We set our experimental operation point \({\mathbf{V}}_{\mathrm{OP}}\) at the first charging line, indicated as *N*_{e} = 1 in Fig. 1b, where the electron number on the quantum dot fluctuates between zero and one. For the driving we periodically modulated the three gate voltages

with frequency *f*, amplitude *A* and in the direction of the unit vector \({\mathbf{e}}_{\mathrm{d}}\).

To study the synchronization between the deterministic external a.c. drive and internal stochastic tunnelling process, the detector current *I*_{qpc}(*t*) was monitored. A short snapshot of a typical detector trace is displayed in Fig. 1c, which directly reveals the sequential charging and discharging of the quantum dot. Whenever an electron tunnels into the quantum dot the current *I*_{qpc} jumps down, and it jumps up again when the electron tunnels out. From the detector traces we extract the times *t*_{in,out} of all ‘in’ and ‘out’ tunnelling events (Fig. 1d).

The fluctuations in the occupation are characterized by the single-electron counting statistics^{14}. We thus counted the total number *n*(*T*_{f}) of ‘in’ and ‘out’ tunnelling events within one driving period *T*_{f}. From all possible periods and phases of the a.c. drive we finally obtained a counting probability *P*(*n*) (Fig. 1e). A quantitative measure for the fluctuations is given by the Fano factor

calculated from the variance *σ*^{2} = 〈*n*^{2}〉 − 〈*n*〉^{2} and the mean 〈*n*〉 of the counting probability *P*(*n*). For a strictly Poissonian random process the Fano factor equals *F* = 1. Without external a.c. drive the Fano factor always exceeds or equals this Poissonian limit (that is, *F* ≥ 1) due to the bunching of tunnelling-in and tunnelling-out events (Supplementary Fig. 1). The driving-dependent antibunching of tunnelling events, signalled by a suppression of the Fano factor below the Poissonian limit (that is, *F* < 1) thus provides an unambiguous measure of the synchronization strength^{14}.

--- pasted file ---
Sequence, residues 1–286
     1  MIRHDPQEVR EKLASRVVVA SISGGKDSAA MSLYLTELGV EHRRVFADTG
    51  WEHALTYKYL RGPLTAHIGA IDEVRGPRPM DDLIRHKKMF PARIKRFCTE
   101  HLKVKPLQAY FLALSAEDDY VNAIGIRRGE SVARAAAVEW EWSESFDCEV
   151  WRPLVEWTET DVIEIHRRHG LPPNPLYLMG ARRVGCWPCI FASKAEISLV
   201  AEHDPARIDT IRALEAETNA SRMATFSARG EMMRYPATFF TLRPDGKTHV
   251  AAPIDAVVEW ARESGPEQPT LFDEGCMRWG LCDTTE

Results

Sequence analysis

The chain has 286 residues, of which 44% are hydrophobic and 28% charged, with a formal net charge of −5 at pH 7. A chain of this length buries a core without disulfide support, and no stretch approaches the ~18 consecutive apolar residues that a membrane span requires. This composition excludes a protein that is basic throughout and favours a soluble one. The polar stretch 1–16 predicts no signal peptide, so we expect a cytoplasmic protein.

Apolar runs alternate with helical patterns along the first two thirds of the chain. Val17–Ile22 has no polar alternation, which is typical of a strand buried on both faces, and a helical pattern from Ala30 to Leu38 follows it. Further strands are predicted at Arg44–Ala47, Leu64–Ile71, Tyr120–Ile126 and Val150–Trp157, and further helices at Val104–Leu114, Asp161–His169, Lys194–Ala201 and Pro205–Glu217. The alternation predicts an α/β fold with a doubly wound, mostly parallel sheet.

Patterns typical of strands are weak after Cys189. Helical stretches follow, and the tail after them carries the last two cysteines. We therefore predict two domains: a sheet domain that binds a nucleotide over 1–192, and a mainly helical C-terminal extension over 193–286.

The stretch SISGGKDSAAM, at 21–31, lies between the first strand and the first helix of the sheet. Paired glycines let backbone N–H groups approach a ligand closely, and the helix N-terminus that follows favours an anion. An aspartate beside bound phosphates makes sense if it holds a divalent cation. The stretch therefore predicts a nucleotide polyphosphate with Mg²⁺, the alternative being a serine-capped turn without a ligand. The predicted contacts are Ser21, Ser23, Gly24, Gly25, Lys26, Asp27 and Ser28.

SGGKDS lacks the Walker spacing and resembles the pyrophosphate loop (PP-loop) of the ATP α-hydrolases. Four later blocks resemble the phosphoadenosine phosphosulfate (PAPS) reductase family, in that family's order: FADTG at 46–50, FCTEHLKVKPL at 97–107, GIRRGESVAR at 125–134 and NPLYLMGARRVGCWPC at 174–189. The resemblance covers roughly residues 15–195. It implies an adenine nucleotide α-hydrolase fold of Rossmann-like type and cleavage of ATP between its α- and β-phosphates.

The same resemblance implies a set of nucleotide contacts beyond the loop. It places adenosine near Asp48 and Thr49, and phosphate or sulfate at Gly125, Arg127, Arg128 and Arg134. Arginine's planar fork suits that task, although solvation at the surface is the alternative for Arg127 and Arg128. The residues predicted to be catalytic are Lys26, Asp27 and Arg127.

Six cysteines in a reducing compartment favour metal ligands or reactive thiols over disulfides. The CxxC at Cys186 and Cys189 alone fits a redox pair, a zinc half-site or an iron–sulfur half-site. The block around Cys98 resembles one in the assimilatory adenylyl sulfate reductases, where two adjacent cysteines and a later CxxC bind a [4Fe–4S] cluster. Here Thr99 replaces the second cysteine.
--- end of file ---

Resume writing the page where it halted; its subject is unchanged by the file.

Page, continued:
The red circles in Fig. 2 depict the experimentally determined Fano factor *F* as a function of external driving frequency *f*. Additionally, the inset shows the corresponding mean counts 〈*n*〉 per period. The amplitude *A* = 10 mV was kept constant for all frequencies. The experimental Fano factor *F* has a minimum at *f* = 800 Hz, providing evidence for stochastic resonance. At the minimum, essentially two tunnelling events (one ‘in’ and one ‘out’) occur on average per driving period (〈*n*〉 ≈ 2), corroborating the optimal synchronization between external a.c. drive and internal tunnelling. If the a.c. drive is too slow \(\left( {f \ll 800\,{\mathrm{Hz}}} \right)\), more than two tunnelling events occur within one period \(\left( {\left\langle n \right\rangle \gg 2} \right)\) and the Fano factor *F* increases above the Poissonian limit. If the drive is instead too fast \(\left( {f \gg 800\,{\mathrm{Hz}}} \right)\), most electrons need multiple periods to tunnel in and out of the quantum dot \(\left( {\left\langle n \right\rangle \ll 2} \right)\) and the Fano factor *F* approaches the Poissonian limit from below.

Because the ‘in’ and the ‘out’ tunnelling events are alternating, and hence their occurrences are strictly dependent, stochastic resonance can be equally characterized on the basis of the occurrences of the specific tunnel events (Supplementary Fig. 2) or on the basis of the set of all transitions independent of their direction, as we do here. To demonstrate, in the presently investigated system, that the general mechanisms of stochastic resonance are at play, we extracted the tunnelling rates *Γ*_{in}(*t*) and *Γ*_{out}(*t*) with which an electron enters and leaves the quantum dot at time *t*, respectively, from the experimental data (see Methods).